Nick Dumford, a key to the Wildcats' season, takes the snap and opts for a running play.

For the full story and all youth football schedules, please see the Wednesday, Aug. 19, issue of the Cottonwood Journal Extra.

As the new athletic director of South Verde High School, Luke Hicks is jumping into the job with both feet — not to mention wearing at least three hats.

Luke Hicks, the new athletic director at South Verde High School, will also be coaching the Bulldogs’ two fall sports beginning Wednesday, Aug. 26, in the Camp Verde Town Gym. Cross-country will meet there for track runs beginning at 3:30 p.m., while Hicks will hold volleyball practice at the same time Thursday, Aug. 27. Openings on both teams are still available to students at SVHS.
Hicks, son of Camp Verde High School assistant girls basketball coach Steve Hicks, is also head cross-country and volleyball coach for the Bulldogs heading into the beginning of their fall sports season Wednesday, Aug. 26, holding 3:30 p.m. practices that will meet at the Camp Verde Town Gym.

“The volleyball coach from last year isn’t able to do it this year,” explained Hicks, 27, a paraprofessional at SVHS last year and former men’s volleyball player in South America, where both of his parents were missionaries before coming to Camp Verde in 2003. “I figured [coaching] would make the most sense, so I never actively went searching for a replacement.

“In the other sports, hopefully we can get a candidate to fill the positions. We have some pretty good basketball coaches; the softball coach has been doing it for a while, and the kids really like him.”

Hicks chose to be hands-on with both fall sports for the Bulldogs after he was recommended to succeed Laurie Kaaekuahiwi as SVHS athletic director by outgoing principal Steve King in July.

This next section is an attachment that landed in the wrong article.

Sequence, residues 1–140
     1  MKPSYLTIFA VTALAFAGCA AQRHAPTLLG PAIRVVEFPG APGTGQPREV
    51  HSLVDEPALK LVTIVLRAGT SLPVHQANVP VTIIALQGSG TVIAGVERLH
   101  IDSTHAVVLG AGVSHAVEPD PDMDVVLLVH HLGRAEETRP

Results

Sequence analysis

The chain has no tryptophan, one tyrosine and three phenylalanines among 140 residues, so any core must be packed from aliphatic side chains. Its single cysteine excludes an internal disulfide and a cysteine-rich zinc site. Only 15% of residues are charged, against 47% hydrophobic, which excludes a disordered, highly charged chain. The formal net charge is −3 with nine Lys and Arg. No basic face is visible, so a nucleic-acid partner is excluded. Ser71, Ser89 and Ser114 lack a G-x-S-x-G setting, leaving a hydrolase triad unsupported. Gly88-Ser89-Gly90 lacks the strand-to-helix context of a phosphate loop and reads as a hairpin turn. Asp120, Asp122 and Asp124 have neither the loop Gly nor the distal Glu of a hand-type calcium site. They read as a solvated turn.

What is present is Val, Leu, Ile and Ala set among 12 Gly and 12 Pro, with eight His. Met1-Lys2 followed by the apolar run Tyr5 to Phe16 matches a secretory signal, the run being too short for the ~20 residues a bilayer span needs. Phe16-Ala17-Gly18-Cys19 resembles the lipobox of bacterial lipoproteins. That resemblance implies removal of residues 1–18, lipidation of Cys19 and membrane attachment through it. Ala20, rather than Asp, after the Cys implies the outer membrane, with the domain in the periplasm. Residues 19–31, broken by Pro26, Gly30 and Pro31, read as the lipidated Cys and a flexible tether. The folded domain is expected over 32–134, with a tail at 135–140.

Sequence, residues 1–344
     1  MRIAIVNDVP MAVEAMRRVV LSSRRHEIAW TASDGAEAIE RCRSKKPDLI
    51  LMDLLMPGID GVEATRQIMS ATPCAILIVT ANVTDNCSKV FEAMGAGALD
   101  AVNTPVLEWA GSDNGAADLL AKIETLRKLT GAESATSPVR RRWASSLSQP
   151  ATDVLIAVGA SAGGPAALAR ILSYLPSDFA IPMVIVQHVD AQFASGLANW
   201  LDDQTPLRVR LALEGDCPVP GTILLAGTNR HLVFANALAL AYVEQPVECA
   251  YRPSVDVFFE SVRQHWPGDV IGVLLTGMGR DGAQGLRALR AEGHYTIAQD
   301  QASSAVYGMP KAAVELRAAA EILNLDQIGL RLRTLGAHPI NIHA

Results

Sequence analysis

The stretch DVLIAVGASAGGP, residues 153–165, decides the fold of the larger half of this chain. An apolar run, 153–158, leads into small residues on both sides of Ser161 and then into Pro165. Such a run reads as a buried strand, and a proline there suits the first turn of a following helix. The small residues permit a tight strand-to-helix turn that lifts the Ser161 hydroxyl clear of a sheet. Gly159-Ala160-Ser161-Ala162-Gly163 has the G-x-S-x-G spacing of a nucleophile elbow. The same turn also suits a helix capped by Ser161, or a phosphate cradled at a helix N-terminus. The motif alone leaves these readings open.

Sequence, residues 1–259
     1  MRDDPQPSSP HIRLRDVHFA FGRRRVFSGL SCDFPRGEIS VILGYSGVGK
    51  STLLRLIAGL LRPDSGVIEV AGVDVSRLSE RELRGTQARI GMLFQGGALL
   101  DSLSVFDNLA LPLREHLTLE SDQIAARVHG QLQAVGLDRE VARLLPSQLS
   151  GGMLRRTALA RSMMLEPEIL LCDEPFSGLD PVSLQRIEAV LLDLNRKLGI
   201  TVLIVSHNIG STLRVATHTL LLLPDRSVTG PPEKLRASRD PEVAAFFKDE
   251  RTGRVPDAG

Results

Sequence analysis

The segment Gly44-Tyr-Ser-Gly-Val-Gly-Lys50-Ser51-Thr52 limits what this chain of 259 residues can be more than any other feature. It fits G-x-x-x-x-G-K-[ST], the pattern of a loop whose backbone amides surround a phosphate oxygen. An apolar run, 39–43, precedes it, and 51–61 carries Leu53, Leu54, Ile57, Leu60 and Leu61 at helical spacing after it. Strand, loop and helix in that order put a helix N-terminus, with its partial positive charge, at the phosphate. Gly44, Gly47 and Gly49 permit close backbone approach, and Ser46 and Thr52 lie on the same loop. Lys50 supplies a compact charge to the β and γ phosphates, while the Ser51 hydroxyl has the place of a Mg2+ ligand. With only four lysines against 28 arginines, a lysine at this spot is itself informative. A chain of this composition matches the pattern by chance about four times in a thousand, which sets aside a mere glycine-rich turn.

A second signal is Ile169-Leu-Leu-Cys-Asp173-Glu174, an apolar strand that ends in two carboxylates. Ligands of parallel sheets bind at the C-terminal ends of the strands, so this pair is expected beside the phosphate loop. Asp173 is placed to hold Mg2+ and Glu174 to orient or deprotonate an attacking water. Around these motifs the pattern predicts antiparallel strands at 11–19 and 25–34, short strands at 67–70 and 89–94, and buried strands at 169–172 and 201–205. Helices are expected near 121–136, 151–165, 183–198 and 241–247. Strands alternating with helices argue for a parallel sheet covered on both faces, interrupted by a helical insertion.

For the full story, please see the Wednesday, Aug. 19, issue of the Camp Verde Journal.

After coaching five fighters to gold medals at the Arizona state championships June 27, Brazilian jiu-jitsu trainer Ted Osburn is on the hunt for more state neckwear Saturday, Aug. 29.

Several students of Brazilian Jiu-Jitsu under trainer Ted Osburn, right, won gold June 27 at the Arizona state championships in Phoenix. From left, back row are David Taylor, 13, and Isaac McKean, 11; front row, from left, are Elias McKean, 9, Nathan Dixon, 9, and Stone Durkalec, 7.
Five of Osburn’s white belt fighters, including Mingus Mountain Wrestling Club head coach Klint McKean and several of his wrestlers, will return to Phoenix in search of their second golds in three months at the Arizona NoGi grappling championships.

“They’re still wrestling, but just in a different form,” said McKean, an English teacher and former wrestling coach at Mingus Union High School who first ran clinics with Osburn in the winter of 2011. “So it’s a nice change of pace. This offseason, I decided to put my boys in [jiu-jitsu] and it looked fun, so I did it.”